It's hard to wake up and realize that you are a cold-blooded murderer.

         Cold-blooded. That's the way it has to be, when you kill someone. Lots of someones. You have to be dead yourself, in a sense, so that all those deaths can't touch you. You have to be soulless. So that, after you wipe the blood from your sword and wash your scarlet-stained hands, you can continue. And you can sleep peacefully in the relief of oblivion, undisturbed by the razor-sharp blade of remorse that can kill, if not your body, then your sanity in an infinitely less-merciful manner than the deaths you have inflicted on others...

         But the soul can't really die, I've discovered. It can only sleep, suspended in an icy cocoon, waiting to be reborn in all its terrible raw beauty; waiting for an unwitting spark to wake it and set it free so it can rage up, white hot, out of its frozen confines, burning through the numbness and...

         Damn. My hands are shaking. I come to myself again, surging out of my dark inner depths to feel the warm sun on my back, the soft grass beneath my knees... I quickly grab a rice bowl and plunge it into the bucket of warm soapy water with the rest of the dishes and wash fervently, hoping that Kaoru is too absorbed in helping Yahiko with his kendo practice to notice my momentary lapse...

         She notices, of course. She doesn't let me get away with much, if she can help it. I shouldn't be thinking about this, in front of her where I might slip. Especially since I know that, no matter what she's occupied with, she's always watching me out of the corner of her eye, keeping track of me on some level, as if afraid I might vanish without her constant vigilance keeping me safely rooted here to her dojo.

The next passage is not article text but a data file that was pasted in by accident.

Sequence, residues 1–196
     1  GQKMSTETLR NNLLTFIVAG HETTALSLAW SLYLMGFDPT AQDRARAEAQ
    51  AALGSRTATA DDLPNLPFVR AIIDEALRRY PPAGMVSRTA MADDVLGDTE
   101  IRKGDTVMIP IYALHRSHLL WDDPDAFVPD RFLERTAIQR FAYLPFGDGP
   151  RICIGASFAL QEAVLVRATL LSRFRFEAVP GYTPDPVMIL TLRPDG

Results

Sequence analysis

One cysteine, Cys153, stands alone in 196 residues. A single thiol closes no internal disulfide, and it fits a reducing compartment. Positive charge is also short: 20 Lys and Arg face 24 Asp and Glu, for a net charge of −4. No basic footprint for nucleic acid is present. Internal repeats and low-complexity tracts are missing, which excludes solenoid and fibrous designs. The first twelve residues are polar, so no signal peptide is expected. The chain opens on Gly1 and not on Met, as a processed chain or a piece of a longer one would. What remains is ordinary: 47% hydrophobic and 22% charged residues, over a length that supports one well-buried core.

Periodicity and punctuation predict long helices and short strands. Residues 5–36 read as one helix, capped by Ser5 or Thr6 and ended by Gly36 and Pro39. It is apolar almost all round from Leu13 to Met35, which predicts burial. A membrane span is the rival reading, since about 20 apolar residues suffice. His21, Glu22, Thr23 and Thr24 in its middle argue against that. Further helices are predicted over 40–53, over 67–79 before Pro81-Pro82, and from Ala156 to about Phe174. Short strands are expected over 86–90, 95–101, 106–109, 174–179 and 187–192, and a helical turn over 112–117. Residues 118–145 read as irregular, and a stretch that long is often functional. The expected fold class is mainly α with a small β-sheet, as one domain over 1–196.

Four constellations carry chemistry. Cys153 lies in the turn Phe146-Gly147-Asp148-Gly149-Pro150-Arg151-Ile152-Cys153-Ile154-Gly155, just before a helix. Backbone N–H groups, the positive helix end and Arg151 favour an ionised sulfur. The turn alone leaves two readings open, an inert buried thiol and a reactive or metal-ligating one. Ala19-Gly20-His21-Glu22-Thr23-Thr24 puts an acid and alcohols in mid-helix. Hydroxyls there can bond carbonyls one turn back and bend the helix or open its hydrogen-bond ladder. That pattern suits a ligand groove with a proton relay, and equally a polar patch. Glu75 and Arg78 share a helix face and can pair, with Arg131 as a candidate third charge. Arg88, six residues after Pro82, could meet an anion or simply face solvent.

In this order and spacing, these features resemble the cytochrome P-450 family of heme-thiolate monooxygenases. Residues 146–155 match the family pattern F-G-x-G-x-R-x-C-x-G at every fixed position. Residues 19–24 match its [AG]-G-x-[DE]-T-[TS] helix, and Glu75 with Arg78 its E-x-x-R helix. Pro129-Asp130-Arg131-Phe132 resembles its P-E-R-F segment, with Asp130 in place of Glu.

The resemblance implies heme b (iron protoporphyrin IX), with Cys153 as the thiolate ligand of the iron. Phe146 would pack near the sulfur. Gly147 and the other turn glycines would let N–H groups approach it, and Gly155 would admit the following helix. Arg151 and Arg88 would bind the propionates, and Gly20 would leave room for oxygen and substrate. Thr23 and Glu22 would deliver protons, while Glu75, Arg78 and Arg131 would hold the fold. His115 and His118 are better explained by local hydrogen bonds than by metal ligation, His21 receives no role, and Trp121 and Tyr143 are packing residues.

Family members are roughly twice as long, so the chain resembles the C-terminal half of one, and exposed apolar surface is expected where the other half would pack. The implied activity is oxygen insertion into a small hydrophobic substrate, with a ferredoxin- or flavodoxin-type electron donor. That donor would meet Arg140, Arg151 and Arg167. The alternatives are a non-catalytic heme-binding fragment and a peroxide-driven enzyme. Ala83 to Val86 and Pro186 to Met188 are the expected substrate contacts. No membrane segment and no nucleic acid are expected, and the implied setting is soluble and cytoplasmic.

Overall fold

But sometimes, all the mental discipline in the world can't keep the memories away... though I've found that washing dishes helps. So does laundry. And cooking.

         Kaoru leaves Yahiko to his exercises, and comes over to me. "Kenshin?"

         I look up, wide-eyed and innocent. "Yes, Kaoru-dono?" Her eye barely twitches at that. She's never asked me to stop calling her by the honorific, but I can tell that she doesn't like the distance that it puts between us.

         I don't like it either, I think. But I also think that I... I...